Five Days at Memorial: Life and Death in a Storm-Ravaged Hospital (Fink)

The ndeasy thing to say about this book is that it is remarkable. I can’t even begin to imagine how Fink found the information necessary to put together this compelling narrative. There’s material here for two books – first, what happened during those five days at Memorial and then what happened as a consequence of decisions made during those five days. Even the Epilogue – a focus on what we have and have not learned about emergency preparation and procedures – could, itself, be the seeds of another book (and is certainly required reading for those who make policy. Though I am not overly reliant or impressed by awards, I am not at all surprised that this book was a National Book Critics Circle Award Winner and a winner of the Pulitzer Prize.

Fink wisely omits discussion of the human and natural causes of Hurricane Katrina’s devastation. That is not her subject. Instead, she focuses on what happened at one hospital (though there are useful peeks at what happened at others – they are present for the purposes of comparisons) and the decisions made by, well, that’s part of the problem – it’s unclear who made some of the decisions. But there were plenty of decisions made – by everyone from architects, to doctors and nurses, to helicopter pilots, to people sitting far away at corporate offices, but not too many – and this is part of Fink’s point – by patients and their advocates.

This book raises an incredible number of questions. How much time and money should be spent on emergency equipment, procedures, personnel and training that we hope to never use? Could we have really been ready for Hurricane Katrina (and Rita)? What can, realistically, be done to improve central issues like communication? How can procedures be streamlined so that significantly less time is spent on turf battles during a time of crisis? What is the best way to conduct triage at a time like this?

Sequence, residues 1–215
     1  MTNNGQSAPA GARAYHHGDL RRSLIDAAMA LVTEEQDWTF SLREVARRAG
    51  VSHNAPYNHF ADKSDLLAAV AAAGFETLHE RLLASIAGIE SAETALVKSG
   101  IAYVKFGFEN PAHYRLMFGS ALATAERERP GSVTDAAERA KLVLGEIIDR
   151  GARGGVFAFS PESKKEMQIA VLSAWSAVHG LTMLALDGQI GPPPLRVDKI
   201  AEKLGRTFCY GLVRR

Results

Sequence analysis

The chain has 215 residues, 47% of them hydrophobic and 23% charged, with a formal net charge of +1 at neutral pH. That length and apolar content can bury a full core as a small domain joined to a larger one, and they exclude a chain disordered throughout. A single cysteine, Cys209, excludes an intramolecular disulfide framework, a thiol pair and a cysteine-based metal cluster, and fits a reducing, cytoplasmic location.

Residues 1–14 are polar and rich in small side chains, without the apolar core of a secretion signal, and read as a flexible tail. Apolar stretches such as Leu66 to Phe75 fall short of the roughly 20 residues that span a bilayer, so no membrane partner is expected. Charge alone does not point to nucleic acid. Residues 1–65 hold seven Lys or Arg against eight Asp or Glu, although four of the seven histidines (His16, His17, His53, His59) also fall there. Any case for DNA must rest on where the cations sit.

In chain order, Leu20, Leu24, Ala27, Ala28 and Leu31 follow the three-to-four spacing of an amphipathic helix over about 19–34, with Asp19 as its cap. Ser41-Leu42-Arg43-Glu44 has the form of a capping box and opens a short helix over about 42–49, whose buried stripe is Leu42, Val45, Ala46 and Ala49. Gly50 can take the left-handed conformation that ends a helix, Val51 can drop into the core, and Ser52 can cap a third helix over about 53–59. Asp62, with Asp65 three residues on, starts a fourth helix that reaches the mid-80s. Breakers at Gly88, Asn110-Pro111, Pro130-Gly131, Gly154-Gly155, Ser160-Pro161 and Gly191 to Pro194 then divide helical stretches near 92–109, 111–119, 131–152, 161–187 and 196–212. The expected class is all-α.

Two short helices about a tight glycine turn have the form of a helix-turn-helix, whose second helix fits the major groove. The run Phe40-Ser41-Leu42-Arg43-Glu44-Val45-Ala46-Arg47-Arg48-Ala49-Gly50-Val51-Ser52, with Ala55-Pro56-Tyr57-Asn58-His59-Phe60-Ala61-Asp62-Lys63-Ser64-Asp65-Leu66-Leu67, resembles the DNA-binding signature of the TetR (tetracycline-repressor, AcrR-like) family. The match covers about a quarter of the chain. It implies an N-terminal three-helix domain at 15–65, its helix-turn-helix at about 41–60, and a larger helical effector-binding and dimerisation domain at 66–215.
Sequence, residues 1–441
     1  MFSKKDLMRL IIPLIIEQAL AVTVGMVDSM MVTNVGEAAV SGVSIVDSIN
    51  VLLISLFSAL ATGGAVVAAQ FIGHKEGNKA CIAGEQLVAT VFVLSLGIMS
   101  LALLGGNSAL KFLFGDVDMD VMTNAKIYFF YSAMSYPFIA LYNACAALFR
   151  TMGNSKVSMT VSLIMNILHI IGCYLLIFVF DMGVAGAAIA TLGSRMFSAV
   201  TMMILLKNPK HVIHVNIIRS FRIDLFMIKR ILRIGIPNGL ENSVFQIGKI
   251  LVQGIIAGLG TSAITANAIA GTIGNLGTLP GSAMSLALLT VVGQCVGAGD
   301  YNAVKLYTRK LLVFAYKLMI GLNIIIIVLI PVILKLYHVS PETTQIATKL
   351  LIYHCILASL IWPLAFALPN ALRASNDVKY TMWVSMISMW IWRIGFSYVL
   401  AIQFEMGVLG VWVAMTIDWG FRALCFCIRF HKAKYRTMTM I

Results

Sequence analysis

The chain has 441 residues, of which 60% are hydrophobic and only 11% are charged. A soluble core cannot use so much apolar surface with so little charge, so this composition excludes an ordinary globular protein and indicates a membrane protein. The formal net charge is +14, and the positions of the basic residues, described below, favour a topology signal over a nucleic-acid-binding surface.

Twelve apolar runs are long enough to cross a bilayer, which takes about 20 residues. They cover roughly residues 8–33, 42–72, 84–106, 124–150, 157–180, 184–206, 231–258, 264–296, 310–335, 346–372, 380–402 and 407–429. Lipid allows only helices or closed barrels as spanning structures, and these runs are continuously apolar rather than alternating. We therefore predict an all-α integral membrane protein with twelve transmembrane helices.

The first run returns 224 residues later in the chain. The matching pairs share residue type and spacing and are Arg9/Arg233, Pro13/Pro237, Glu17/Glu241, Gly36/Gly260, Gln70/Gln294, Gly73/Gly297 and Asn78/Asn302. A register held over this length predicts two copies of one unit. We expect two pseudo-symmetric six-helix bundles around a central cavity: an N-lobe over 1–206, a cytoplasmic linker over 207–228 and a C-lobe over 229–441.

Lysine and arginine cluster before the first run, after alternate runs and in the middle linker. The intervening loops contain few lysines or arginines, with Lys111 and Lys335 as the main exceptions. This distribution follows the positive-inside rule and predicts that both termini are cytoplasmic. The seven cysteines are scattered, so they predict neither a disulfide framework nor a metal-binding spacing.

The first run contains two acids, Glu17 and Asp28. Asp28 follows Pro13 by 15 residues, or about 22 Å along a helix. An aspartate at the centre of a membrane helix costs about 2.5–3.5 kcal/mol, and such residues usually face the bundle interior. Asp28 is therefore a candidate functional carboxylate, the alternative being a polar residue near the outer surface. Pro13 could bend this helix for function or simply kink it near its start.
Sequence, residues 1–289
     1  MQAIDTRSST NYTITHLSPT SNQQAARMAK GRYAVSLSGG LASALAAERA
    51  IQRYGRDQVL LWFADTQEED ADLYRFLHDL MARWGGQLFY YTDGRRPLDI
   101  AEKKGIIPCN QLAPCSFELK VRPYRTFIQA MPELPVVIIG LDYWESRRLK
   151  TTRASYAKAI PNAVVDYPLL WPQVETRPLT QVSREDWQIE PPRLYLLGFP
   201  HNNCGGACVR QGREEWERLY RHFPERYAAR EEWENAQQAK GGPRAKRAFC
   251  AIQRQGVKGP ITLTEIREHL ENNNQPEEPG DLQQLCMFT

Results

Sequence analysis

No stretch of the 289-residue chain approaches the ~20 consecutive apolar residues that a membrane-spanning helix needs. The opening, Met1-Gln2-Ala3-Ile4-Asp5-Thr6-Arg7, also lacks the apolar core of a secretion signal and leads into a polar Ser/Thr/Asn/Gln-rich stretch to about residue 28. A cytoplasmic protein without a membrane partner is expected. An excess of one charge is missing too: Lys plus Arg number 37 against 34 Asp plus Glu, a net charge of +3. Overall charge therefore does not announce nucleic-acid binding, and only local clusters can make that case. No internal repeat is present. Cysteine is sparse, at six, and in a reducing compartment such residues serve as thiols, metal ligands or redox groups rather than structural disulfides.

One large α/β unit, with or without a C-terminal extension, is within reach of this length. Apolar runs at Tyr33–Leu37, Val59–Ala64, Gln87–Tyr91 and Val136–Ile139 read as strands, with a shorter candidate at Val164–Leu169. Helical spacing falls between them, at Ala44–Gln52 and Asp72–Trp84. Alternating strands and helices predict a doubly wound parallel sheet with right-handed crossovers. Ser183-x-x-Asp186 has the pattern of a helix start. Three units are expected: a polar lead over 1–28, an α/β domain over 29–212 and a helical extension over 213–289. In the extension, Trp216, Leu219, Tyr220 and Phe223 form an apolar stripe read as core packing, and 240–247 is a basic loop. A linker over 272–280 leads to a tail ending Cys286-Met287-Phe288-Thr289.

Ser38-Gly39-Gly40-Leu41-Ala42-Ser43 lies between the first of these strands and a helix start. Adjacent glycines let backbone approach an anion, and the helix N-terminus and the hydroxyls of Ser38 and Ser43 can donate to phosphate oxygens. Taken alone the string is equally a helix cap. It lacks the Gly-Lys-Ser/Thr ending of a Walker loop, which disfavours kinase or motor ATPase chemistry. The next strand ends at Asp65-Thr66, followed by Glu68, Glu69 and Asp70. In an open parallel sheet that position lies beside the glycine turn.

And then, afterwards, how can we evaluate and learn from such a disaster in order to improve our response the next time? To what extent should we judge (in a court of law) decisions made in such times – times that those of us outside the situation cannot possibly understand?

Someone (Eisenhower?) once said, “Plans are worthless, but planning is everything.” I think that applies here. Find good people – and there are plenty on display here – give them what they need (training, materials, checks & balances, etc.) and then get out of their way. Do I agree with every decision made during those 5 days? No, but I wasn’t there, so my judgment means little. The conduct of some the key players after those five days – including a doctor at the center of the situation – does deserve serious scrutiny. Decisions made ‘on the ground’ can be understood, if not always supported. I think we should have very little tolerance for pre-meditated efforts to alter the narrative, no matter whose interests those alterations serve.


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